Growth likely to be higher than CSO estimate of 2.1 per cent: Agriculture Ministry

Last week, Central Statistics Office (CSO) had pegged farm and allied sector growth at 2.1 per cent for 2017-18, much lower than 4.9 per cent achieved in the 2016-17.

By: PTI | New Delhi | Published: January 7, 2018 9:11:42 pm
Growth likely to be higher than CSO estimate of 2.1 per cent: Agriculture Ministry (Express Photo/Files)

The country’s agriculture sector is expected to grow higher than projected 2.1 per cent growth by the CSO for the current fiscal, following better rabi crop prospects, the agriculture ministry said Sunday. Last week, Central Statistics Office (CSO) had pegged farm and allied sector growth at 2.1 per cent for 2017-18, much lower than 4.9 per cent achieved in the 2016-17.

The farm sector growth comprises GVA (gross value added) of crops at 60 per cent, livestock 20 per cent and forestry 8.5 per cent and fishing and aquaculture at 5.5 per cent. “The ministry is optimistic about achieving a high growth rate because the Rabi, 2017 is showing a very good performance in addition to good Kharif, 2017,” the ministry said in an official statement.

The agriculture sector can, therefore, be expected to register a much higher GVA for the year 2017-18, when final estimate figures are released, it added.

Justifying the reasons for possible higher growth, the ministry said it is of the opinion that the lower coverage of area by August, 2017 on account of delayed onset of monsoons has caused a poor reflection compared to the actual positive field situation by December, 2017.

However, good rainfall thereafter helped increase in area coverage in accordance with the with kharif targets. “Despite delay in onset of monsoons and relatively poorer rainfall vis-a-vis the previous year, the area coverage under kharif finally rose to 106.55 million hectare against the five year average of 105.86 million hectare,” it said.

It is, hence logical, that the computation based on area coverage under crops as in August 2017 had a negative impact on the CSO’s advance estimate for the overall agriculture sector.

The GVA estimate is bound to get corrected upwards, if increased area coverage by December 2017 and concomitant production estimate in case of foodgrains, oilseeds and commercial crops, in particular, are taken into account, it said. These three account for higher percentage of share than horticulture in the GVA computation and horticulture is showing a higher productivity estimate, it added.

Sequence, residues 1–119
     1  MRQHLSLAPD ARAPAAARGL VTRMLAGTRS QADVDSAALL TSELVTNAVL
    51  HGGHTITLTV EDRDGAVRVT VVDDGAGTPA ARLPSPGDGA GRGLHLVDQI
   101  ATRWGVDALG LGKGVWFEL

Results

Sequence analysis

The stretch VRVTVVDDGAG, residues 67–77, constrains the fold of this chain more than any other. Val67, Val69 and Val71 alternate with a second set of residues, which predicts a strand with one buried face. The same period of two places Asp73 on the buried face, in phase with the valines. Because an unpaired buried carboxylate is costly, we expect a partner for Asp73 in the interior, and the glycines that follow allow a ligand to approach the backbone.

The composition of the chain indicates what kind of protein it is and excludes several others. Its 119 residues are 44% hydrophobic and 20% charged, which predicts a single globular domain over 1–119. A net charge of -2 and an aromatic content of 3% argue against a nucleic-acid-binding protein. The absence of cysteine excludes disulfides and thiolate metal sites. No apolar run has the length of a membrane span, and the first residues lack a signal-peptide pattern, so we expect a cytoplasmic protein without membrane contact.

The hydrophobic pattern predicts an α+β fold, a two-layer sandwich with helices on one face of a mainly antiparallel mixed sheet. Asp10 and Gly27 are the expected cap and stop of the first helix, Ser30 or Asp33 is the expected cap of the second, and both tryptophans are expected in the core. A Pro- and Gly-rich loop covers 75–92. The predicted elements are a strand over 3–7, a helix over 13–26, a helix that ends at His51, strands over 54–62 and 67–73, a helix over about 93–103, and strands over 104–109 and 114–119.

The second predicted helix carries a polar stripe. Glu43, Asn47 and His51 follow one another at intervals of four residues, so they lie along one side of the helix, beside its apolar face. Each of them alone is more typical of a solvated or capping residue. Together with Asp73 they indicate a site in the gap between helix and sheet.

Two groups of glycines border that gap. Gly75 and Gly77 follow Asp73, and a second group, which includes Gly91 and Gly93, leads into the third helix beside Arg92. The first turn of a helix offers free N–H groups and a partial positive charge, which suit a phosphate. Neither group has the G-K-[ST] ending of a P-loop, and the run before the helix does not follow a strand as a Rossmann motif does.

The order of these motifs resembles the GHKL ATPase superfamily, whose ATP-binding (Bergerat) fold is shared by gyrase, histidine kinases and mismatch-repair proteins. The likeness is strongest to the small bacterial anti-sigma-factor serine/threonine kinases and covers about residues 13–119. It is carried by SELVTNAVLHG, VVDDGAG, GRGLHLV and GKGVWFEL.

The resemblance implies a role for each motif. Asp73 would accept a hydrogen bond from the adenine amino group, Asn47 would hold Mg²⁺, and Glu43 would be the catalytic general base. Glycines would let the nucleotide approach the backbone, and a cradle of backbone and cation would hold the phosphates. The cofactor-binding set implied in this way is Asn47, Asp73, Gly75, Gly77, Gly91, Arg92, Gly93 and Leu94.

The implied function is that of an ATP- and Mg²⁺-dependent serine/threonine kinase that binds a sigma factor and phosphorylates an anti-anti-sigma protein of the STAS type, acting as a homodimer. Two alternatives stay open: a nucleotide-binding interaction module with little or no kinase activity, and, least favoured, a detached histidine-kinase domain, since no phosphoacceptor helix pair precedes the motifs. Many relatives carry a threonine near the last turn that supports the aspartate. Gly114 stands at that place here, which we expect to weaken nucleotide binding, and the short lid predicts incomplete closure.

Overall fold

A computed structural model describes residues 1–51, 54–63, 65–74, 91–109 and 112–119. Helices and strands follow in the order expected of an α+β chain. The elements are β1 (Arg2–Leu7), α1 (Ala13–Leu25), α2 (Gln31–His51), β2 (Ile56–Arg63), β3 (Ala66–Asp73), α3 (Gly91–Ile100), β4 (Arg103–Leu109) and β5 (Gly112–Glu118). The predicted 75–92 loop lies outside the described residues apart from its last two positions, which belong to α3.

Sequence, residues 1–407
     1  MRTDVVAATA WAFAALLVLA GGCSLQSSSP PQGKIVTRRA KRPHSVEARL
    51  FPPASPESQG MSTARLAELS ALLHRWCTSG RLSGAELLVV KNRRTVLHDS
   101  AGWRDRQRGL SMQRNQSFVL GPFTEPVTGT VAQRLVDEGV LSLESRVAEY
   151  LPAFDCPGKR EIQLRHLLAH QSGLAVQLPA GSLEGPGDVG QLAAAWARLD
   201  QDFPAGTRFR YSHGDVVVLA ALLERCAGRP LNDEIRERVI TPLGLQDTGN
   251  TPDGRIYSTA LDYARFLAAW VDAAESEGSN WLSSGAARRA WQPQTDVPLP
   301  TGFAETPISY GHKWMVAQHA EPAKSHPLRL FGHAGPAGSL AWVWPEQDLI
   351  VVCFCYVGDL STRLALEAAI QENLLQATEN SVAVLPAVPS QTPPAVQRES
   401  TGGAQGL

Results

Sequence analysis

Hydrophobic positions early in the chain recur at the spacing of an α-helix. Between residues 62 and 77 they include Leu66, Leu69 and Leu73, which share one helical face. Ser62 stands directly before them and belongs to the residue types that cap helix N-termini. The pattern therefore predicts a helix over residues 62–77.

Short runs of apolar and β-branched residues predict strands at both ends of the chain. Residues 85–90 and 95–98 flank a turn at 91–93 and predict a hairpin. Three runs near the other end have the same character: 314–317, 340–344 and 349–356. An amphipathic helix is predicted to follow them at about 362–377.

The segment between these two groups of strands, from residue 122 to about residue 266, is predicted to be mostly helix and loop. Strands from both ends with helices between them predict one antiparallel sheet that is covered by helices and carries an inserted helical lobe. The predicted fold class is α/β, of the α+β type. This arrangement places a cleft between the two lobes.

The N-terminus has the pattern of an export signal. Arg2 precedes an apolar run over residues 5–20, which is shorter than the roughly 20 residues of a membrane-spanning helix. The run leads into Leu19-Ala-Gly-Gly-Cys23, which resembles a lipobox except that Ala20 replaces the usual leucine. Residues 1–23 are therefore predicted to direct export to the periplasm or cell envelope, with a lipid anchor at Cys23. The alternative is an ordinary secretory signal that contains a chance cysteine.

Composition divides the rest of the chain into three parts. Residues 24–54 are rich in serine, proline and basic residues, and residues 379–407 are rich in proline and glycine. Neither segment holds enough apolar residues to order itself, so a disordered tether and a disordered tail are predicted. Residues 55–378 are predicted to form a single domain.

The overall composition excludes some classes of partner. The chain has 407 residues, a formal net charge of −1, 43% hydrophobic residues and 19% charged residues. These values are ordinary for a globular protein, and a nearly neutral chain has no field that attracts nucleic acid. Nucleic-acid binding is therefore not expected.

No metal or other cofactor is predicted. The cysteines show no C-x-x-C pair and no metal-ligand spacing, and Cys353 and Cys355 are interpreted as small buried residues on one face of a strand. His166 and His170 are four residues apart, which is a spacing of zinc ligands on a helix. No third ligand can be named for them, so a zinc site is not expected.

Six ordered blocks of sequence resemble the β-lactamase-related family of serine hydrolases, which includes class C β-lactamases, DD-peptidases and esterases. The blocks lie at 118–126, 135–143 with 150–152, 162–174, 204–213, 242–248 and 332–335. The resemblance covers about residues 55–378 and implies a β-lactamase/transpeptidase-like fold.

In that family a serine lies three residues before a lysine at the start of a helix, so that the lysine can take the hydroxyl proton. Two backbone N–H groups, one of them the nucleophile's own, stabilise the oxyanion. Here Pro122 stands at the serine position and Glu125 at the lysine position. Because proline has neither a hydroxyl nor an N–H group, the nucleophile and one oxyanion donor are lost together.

The ministry further said the livestock and fishery sector was very positive till August 2017 and by December the dominant crop sector has “bounced back”. “If this amended and actual field situation are taken into account in computation of the GVA for agriculture sector as a whole, its growth rate can be estimated to be much higher than the advance estimate of 2.1 per cent,” ministry said.

Stating that the rabi prospects are good, the ministry said rabi crops have been covered in an area of 58.6 million hectares which is a “very good progress”.

Considering that the rabi sowing continues up to first week of February, the total area under crops and resultant production will be very good, it added.

The ministry also observed that CSO estimates of farm sector growth this fiscal comes on the back of a very robust GVA of 4.9 per cent in the previous year. “Considering that crop segment constitutes a dominant component of the GVA computation, its performance is very critical. However, with in elasticity of land where there exists little scope for increase in the average coverage, productivity enhancement assumes importance,” it said.

Crops in particular and agriculture in general are highly dependent on monsoons and overall status of weather, the ministry said, adding that even small variations in weather tend to influence agriculture adversely, as seen for example, in the area coverage by August 2017.

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